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Seirei no Moribito / Moribito: Guardian of the Sacred Spirit
Rated: 13+ :: Released: 11 — November 2008
Director: various :: Starring: Mabuki Andou, Naoto Adachi; Cindy Robinson and Mona Marshall

By Hannah Krueger
26 February 2009 — Seirei no Moribito has all the makings of a good show — a solid plot, good characters, beautiful art and excellent fight scenes — but, in the end, it falls flat.

First, a brief summary: Balsa (a spear-wielding wandering female bodyguard) is passing through the New Yogo Empire, and happens to save the life of Chagum (the Second Prince). That night, she is called to the palace by the Second Empress, who wishes for her to flee with and protect the life of Chagum — who the Emperor is determined to kill because he believes the boy to be possessed by a water demon. Balsa agrees and quickly leaves with Chagum; however, all is not what it seems.

The characters are probably the most interesting thing about this show. None of them are simply good or evil, even those who would pursue and kill Chagum; they're all fleshed out human beings, with rational reasons behind their decisions. What's even more interesting is that when these characters make their decisions, they actually make sense and fit the situations. For instance, none of Balsa's actions or decisions are superfluous, and it's wonderful seeing a female character of this sort.

It's also an incredibly well-built world. How the empire is run, the culture and history of the world, the different ethnic groups and religions, city and country life — they're all fully realized over the course of the series. In general, the level of detail is amazingly intricate, and it's here that it becomes very evident that the source material for this show was originally a novel — Seirei no Moribito was adapted from the first of a 10-volume series. And despite the somewhat clichιd plot (RE: protect the special child), Seirei no Moribito is one of the most solid stories I've seen of this type in a good long time.

The art of Moribito is also of an extremely high-quality. Backgrounds are intricately detailed, the animation is well-done and character designs aren't incongruous with who the characters actually are. Meaning, Balsa looks like a bodyguard, and Chagum looks like a prince in hiding; they are exactly who they should be.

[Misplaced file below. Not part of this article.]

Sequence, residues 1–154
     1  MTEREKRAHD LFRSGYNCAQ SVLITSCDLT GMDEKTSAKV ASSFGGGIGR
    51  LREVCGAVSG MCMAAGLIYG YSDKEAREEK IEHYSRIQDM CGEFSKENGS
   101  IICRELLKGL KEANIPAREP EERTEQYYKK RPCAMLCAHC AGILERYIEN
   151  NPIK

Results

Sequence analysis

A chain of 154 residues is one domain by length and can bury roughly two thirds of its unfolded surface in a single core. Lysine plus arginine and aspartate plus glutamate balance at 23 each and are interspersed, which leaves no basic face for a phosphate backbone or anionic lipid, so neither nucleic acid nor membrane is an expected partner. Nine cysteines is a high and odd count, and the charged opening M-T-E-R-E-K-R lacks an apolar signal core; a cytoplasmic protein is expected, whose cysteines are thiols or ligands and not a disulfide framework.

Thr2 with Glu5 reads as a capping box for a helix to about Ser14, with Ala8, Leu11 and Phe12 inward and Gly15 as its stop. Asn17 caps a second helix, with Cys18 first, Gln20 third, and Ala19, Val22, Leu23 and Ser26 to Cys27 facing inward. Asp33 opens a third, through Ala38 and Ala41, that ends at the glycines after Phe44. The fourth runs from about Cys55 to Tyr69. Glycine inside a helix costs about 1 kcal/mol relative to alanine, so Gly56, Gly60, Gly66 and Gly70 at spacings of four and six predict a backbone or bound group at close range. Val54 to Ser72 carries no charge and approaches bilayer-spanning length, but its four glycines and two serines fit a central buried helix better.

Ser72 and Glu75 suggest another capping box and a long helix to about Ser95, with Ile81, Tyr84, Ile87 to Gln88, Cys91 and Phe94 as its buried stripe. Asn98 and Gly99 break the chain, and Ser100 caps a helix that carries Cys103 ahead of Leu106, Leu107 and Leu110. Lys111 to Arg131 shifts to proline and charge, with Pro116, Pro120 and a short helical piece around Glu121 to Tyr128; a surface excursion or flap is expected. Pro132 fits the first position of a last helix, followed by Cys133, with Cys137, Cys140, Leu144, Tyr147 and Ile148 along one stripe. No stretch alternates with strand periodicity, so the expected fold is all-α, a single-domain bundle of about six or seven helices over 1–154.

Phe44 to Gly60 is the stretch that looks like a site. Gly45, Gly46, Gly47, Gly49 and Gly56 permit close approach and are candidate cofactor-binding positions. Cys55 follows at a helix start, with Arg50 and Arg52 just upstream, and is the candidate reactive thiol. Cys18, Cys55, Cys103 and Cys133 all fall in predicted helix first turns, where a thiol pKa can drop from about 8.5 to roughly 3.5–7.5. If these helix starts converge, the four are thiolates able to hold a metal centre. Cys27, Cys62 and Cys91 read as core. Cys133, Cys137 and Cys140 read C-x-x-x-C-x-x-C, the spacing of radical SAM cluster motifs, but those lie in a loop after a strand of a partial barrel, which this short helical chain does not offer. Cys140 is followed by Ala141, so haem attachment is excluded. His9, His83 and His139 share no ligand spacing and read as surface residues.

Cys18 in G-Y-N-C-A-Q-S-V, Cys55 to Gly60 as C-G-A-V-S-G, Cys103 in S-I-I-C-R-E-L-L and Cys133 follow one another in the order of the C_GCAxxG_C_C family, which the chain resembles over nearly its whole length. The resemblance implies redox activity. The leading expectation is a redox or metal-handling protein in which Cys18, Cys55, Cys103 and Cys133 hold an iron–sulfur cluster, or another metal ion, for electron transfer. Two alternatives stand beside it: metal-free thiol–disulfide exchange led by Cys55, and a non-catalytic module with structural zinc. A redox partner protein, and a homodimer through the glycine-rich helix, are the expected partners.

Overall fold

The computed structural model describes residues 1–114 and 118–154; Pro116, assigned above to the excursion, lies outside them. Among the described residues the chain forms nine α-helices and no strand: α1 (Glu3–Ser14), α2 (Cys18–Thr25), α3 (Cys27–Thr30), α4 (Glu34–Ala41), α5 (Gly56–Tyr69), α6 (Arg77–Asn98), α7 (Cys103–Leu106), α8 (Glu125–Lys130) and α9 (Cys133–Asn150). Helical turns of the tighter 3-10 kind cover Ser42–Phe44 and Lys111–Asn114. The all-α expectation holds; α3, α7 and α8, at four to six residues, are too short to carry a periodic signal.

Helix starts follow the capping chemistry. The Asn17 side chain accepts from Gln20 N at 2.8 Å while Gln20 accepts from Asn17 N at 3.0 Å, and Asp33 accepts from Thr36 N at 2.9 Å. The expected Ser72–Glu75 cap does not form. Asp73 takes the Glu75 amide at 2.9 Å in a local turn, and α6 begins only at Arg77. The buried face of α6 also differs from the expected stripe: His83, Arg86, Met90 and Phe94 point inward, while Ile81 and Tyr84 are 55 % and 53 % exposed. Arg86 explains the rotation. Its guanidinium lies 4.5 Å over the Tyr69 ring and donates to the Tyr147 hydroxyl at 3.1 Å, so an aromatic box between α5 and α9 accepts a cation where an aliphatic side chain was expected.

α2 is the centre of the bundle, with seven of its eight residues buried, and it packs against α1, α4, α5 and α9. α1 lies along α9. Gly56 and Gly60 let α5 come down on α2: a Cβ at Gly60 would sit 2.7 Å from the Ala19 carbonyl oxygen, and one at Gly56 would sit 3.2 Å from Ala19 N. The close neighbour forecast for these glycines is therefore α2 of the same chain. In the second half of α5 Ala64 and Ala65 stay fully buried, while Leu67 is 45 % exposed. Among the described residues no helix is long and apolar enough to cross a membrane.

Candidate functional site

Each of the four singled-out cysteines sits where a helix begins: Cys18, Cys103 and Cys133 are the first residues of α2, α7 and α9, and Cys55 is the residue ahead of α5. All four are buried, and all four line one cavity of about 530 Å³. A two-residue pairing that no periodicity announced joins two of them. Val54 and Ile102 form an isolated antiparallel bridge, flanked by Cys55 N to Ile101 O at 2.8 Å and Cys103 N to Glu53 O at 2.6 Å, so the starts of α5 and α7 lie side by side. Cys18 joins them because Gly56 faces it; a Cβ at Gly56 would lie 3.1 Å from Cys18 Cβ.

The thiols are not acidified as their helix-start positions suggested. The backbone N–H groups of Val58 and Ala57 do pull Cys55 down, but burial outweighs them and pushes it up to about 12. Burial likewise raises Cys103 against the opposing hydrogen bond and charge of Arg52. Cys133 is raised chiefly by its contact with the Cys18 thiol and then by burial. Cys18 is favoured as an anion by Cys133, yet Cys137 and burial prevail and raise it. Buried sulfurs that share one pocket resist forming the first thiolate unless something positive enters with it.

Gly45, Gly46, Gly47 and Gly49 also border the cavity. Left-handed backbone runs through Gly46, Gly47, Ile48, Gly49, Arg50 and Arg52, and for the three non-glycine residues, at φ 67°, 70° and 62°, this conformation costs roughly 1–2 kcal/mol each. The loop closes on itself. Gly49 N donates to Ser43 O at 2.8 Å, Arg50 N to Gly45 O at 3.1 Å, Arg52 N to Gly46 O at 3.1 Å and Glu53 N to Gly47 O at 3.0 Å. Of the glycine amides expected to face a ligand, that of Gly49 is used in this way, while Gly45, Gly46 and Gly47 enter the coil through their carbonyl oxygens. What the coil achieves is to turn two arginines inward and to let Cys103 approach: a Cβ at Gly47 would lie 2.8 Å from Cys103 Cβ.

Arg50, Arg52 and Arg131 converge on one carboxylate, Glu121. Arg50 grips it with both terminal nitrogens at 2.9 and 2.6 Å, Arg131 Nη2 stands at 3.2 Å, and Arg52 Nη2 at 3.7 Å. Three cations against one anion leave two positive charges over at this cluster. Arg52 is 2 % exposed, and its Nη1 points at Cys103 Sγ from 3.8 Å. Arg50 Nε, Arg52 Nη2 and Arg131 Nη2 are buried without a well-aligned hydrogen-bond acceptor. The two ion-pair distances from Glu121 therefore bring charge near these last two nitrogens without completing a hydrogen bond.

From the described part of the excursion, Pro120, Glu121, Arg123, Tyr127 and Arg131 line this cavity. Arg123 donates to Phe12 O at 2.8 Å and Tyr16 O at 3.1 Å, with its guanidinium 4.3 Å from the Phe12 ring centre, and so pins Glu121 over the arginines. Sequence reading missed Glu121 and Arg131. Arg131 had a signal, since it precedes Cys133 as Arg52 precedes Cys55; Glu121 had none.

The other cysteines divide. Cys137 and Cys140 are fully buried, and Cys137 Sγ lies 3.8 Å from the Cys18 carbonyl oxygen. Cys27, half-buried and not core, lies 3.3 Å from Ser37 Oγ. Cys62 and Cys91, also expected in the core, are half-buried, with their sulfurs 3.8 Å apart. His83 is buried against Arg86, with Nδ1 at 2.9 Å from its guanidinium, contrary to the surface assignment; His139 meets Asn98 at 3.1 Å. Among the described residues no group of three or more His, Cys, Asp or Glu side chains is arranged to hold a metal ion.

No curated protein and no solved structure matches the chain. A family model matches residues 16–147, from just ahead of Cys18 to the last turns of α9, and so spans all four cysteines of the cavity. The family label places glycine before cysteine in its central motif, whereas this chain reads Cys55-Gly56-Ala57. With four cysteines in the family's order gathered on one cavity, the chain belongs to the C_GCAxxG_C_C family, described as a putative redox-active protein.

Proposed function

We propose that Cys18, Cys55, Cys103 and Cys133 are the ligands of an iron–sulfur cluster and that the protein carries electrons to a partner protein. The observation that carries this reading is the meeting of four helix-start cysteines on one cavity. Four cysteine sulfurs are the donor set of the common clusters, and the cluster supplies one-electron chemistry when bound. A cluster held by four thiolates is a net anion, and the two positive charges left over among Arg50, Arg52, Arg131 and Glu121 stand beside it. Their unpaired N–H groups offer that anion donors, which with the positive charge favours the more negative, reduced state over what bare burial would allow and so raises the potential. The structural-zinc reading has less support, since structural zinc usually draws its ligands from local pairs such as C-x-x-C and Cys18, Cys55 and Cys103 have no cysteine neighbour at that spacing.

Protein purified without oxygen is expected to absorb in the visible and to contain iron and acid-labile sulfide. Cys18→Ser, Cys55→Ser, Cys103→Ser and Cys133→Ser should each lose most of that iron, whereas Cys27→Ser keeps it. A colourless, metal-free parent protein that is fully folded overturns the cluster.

However, where this series really shines is in the action scenes. Think of any animated action series you might've watched recently or grew up with. Now keep that thought in your head, and look up "Moribito fight scenes" on YouTube. You will notice the differences instantly. There is no skimping on the details; every moment of the fight is animated, from beginning to end. This series is now the standard on which I base all fight scenes; every action series should look this good.

The music was very unobtrusive for the most part; I really only noticed it if it was going out of its way to be heard. Such as, there's a folk song towards the end of the series, but that winds up becoming integral to the plot. Plus, it's a nice little song that I occasionally find myself listening to. Beyond that, the opening and closing themes ("Shine" and "Itoshii Hito e," respectively) are decent enough, but they're far from outstanding.

By all standards, I should really like this series. But, here's the thing: I assumed, from the first episode on, that Seirei no Moribito would be a show of high standards; when it lived up to that, I wasn't that surprised. To some degree, though, I hoped that it would go beyond my expectations — and it didn't. This is probably why I'm left feeling not all that enthusiastic about it. It's a good watch, but nothing outstanding in the genre — and nothing I'd recommend going out of your way to see. This is a solid series with a good plot and characters, a well-built world, beautiful art and wonderfully done fight scenes, but it doesn't leave you with anything more than an "it was okay" feeling. I suspect it worked better as a novel, so give that a look instead.


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